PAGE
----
Track listing[edit]

All songs written and composed by Prince, except where noted

Side 1
  1. "Sign o' the Times" – 4:57
  2. "Play in the Sunshine" – 5:05
  3. "Housequake" – 4:42
  4. "The Ballad of Dorothy Parker" – 4:01
Side 2
  1. "It" – 5:09
  2. "Starfish and Coffee" (Prince, Susannah Melvoin) – 2:50
  3. "Slow Love" (Prince, Carole Davis) – 4:22
  4. "Hot Thing" – 5:39
  5. "Forever in My Life" – 3:30
Side 3
  1. "U Got the Look" (featuring Sheena Easton) – 3:47
  2. "If I Was Your Girlfriend" – 5:01
  3. "Strange Relationship" – 4:01
  4. "I Could Never Take the Place of Your Man" – 6:29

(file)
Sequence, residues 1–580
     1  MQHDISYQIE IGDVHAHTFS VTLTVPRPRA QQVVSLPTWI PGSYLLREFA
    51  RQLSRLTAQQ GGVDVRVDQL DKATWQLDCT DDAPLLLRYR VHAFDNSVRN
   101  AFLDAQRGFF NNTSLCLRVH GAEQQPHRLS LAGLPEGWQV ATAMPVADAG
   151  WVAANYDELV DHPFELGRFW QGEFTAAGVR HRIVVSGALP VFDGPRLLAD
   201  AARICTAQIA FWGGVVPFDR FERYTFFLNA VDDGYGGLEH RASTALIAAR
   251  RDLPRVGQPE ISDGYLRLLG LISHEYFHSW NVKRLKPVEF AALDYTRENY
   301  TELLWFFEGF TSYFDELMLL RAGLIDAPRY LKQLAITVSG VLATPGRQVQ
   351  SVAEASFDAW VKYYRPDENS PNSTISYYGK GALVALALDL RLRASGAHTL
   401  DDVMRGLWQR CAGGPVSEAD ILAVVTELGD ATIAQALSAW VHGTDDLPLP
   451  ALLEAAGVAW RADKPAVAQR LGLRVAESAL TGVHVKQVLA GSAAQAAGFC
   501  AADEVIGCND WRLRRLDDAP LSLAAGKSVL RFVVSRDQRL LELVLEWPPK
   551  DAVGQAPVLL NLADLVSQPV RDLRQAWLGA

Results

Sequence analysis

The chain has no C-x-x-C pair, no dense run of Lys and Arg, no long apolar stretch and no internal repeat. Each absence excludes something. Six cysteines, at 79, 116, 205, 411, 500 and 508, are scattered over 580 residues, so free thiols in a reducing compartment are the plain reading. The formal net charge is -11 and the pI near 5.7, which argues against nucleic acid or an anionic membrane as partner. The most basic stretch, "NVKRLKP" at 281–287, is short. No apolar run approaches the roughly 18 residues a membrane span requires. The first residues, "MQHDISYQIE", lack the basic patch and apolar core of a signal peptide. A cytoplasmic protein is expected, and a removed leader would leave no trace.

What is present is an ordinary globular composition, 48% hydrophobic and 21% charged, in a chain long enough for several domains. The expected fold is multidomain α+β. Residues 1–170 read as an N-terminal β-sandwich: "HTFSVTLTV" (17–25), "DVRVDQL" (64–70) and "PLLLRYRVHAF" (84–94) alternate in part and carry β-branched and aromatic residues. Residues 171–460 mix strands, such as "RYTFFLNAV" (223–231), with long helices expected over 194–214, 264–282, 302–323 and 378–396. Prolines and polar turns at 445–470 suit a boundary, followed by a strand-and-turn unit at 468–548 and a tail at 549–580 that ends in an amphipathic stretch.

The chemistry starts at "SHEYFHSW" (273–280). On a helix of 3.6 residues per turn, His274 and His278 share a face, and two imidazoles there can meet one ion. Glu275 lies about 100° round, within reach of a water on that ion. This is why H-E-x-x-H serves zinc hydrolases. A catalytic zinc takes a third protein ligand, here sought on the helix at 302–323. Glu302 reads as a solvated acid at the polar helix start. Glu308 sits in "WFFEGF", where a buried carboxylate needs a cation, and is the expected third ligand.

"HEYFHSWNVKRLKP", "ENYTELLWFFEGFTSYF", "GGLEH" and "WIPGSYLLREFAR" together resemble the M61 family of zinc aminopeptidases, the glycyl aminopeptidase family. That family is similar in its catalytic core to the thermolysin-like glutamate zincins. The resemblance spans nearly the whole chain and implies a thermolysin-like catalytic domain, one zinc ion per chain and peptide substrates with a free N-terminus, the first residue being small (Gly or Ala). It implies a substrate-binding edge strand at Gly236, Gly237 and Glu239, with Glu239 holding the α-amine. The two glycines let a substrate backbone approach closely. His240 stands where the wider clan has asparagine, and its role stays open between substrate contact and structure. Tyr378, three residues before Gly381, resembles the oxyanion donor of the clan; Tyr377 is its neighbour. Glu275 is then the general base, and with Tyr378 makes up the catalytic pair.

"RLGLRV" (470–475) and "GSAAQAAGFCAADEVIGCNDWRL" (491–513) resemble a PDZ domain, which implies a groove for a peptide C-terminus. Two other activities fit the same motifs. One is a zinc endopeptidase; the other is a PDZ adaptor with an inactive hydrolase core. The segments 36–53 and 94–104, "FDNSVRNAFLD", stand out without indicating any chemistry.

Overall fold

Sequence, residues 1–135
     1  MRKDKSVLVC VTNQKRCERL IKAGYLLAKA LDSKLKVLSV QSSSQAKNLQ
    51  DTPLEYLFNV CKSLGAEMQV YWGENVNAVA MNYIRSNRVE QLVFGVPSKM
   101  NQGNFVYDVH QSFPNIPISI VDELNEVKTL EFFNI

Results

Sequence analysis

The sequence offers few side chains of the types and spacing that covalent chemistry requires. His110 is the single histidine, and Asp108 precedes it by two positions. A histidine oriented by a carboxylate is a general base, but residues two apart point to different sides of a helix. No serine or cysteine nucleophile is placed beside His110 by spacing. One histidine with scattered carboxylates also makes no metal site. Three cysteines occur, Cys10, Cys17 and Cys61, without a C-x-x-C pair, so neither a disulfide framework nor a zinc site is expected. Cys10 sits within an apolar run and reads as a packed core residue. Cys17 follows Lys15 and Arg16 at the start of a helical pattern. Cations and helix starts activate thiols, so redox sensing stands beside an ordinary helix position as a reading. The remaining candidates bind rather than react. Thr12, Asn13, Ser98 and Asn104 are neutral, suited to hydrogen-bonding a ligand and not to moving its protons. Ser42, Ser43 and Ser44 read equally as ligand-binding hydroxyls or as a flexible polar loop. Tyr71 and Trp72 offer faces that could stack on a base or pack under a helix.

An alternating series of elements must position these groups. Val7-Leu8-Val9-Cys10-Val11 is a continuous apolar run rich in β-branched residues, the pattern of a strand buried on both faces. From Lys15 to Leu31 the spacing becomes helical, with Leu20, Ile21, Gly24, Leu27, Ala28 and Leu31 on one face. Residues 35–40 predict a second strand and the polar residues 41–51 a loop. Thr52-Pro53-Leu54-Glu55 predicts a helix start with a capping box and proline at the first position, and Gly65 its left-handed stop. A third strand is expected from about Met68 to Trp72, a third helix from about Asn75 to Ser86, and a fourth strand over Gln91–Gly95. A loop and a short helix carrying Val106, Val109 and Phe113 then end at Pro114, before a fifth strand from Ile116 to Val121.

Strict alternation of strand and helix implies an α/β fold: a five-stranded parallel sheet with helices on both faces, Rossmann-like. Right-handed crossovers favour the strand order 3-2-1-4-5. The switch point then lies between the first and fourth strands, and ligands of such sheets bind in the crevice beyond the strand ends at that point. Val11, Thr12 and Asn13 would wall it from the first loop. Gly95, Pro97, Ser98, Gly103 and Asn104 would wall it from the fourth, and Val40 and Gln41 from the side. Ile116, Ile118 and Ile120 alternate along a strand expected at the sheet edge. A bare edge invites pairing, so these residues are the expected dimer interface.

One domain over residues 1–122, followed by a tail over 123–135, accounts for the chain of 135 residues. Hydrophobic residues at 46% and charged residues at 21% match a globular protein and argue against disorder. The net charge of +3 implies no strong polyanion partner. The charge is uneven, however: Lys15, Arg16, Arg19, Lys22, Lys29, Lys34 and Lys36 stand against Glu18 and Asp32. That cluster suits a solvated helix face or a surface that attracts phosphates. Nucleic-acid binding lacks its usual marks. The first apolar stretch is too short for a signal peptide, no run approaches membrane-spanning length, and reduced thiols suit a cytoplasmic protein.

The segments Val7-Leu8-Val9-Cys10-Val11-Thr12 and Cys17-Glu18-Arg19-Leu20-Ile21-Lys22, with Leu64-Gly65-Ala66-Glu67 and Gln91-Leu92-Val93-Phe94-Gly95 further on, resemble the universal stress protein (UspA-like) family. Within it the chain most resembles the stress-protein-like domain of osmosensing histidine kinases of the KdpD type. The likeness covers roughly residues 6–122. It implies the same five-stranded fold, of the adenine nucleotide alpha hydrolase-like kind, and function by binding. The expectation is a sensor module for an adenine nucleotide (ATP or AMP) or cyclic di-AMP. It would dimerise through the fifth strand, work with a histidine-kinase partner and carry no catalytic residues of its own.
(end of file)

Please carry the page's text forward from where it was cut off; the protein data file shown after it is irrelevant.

Side 4
  1. "The Cross" – 4:48
  2. "It's Gonna Be a Beautiful Night" (Prince, Doctor Fink, Eric Leeds) – 9:01
  3. "Adore" – 6:30



  1. "Sign o' the Times"
  2. "La, La, La, He, He, Hee" lyrics jointly written by Sheena Easton
  1. "If I Was Your Girlfriend"
  2. "Shockadelica"
  1. "U Got the Look"
  2. "Housequake"
  1. "I Could Never Take the Place of Your Man"
  2. "Hot Thing" (#63 US, #14 US R&B)



Region Certification Certified units/Sales
Australia (ARIA)[49] Gold 35,000^
France (SNEP)[50] 2× Gold 280,500[50]
Netherlands (NVPI)[51] Platinum 100,000^
United Kingdom (BPI)[52] Platinum 300,000^
United States (RIAA)[53] Platinum 1,000,000^

^shipments figures based on certification alone


  1. ^ Grimstad, Paul. "What is Avant-Pop?". Brooklyn Rail. Retrieved 1 October 2016. 
  2. ^ Faust, Edwin C. (3 September 2003). "Playing God: Prince's "Sign O' The Times"". Stylus Magazine. Archived from the original on 2 November 2003. Retrieved 22 August 2011.